Cheshire presenting Wrenn's story and information about SUDC during CU Nursing's Grand Rounds in October
“It’s important to make sure when families leave the hospital, or if they’re at home, that they have materials that explain the medical and legal systems,” Cheshire says. “It’s important for the hospital to have a point person, like a social worker, that the family can call. If the death occurs at home, the primary care provider for the child can play a critical role in helping the family navigate the systems and ensure referrals for mental health and grief support are in place. The family is in shock, they don’t know what to ask. They need a person to check in on them.”
Families should expect a death investigation to happen immediately and prepare for police and child protective services to ask them questions.
“The investigation is routine, but parents and families need anticipatory guidance,” she says. “One family said they left the hospital with a piece of paper on grief, and then were contacted by child protective services and a medical examiner and thought they were in trouble.”
The SUDC guidelines also suggest giving families a private room at the hospital to grieve, allowing families to hold the child, and providing families with memorial keepsakes such as a handprint or footprint. Other resources include bereavement information for support groups for families, siblings, and other relatives.
The Role of Medical Providers
“Hopefully this never happens to anyone, but if it does, it’s really important to get everything right,” Cheshire says. “Those families remember those healthcare and medical providers. So what we do and don’t do for families during this time matters.”
Cheshire says since her niece’s death happened at home – not a hospital – the death investigation started at her sister and brother-in-law’s home, so there was no primary healthcare provider around, except for EMS.
“Our role as the child’s primary health care provider becomes more important because there is no hospital contact,” Cheshire says. “We can serve as a liaison between the medical examiner and pathologist and help the family with bereavement resources.”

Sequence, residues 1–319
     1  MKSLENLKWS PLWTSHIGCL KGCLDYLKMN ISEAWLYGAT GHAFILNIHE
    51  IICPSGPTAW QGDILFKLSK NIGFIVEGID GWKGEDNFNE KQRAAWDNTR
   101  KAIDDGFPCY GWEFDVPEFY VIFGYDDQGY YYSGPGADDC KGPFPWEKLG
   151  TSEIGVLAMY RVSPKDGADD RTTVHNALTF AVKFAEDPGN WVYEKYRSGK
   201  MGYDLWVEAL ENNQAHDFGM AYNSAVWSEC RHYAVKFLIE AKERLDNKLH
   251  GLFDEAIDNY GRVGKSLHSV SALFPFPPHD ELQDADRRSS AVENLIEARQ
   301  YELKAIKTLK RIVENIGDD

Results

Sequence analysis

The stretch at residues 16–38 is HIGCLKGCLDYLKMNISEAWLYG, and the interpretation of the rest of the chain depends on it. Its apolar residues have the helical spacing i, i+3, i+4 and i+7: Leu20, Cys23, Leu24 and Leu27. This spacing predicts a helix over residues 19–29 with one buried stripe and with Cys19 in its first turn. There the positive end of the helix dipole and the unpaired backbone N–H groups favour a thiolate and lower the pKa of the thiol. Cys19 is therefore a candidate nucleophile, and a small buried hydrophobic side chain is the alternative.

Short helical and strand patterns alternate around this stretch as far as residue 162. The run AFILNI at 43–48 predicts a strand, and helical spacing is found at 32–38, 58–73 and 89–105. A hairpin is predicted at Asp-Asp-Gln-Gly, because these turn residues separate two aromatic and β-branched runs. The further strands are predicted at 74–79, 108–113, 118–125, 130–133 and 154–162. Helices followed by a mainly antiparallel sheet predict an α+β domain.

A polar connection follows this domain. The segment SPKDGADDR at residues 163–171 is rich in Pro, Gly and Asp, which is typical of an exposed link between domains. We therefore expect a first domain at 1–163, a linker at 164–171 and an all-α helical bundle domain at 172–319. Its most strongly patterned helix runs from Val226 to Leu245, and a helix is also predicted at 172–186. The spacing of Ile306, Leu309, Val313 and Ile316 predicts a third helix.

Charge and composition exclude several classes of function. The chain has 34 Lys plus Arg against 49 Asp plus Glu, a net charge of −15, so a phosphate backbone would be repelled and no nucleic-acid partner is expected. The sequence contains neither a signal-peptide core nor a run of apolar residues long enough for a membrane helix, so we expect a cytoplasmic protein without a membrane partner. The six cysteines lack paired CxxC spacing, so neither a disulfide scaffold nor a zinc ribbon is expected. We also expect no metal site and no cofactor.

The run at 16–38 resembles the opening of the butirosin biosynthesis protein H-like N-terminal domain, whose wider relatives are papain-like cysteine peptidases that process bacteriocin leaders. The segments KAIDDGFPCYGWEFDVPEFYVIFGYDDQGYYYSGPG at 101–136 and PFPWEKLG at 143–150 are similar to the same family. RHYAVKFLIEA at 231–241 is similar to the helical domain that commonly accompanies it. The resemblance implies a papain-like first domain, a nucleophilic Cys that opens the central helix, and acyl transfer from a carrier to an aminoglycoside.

Cheshire says she’s seen SUDC cases where a medical provider’s malpractice lawyers told the provider to cease contact with the family. She says this can cause prolonged grief and trauma for families.
“I think there’s a way we can say ‘I know you want answers, and it’s normal to look for a cause of death, and if there’s something I missed, I’m going to find answers’, “’ she says. "We as medical providers can come out of that uncomfortable place and still support the family.”
Raising Awareness of SUDC
Wrenn's case was registered with the SUDC Registry & Research Collaborative (SUDCRRC) funded in part by The SUDC Foundation. The SUDCRRC is the largest multi-site research collaborative on SUDC and created at NYU Langone Health in 2014 by Orrin Devinsky, MD and Laura Gould, MSc. The SUDCRRC studies sudden unexplained deaths in childhood (SUDC) with their team of experts from pediatrics, neurology, cardiology, radiology, pathology, and infectious disease to better understand and learn to prevent these tragedies. By combining the knowledge of academic investigators, forensic pathologists, medical examiners, and coroners, they have explained deaths that have been previously unexplained. Families who participate can receive study results as they help to advance medical research, which may assist with anxiety as a result of the sudden inexplicable death. “As you can imagine, the choice to have another child after the unexpected death of one child can be extremely difficult for parents,” says Cheshire whose sister had another child since Wrenn’s death.
What is the Difference Between SIDS, SUDC, and SUID?
Cheshire is now an ambassador with the SUDC Foundation. She says she will be following along with new research and is open to presenting information about SUDC to bring more awareness about this category of death.
“Through support of the SUDC foundation, we found out Wrenn’s case wasn’t necessarily unique,” she says. “My hope is – and why I think it’s important to bring awareness to this category of death – we as medical providers can be a source of support and advocacy in the aftermath for these families. It matters.”
March is SUDC Awareness Month, and people can show support by wearing blue and yellow. The SUDC Foundation’s website has information about SUDC, resources and support for families, and ways to get involved with the foundation.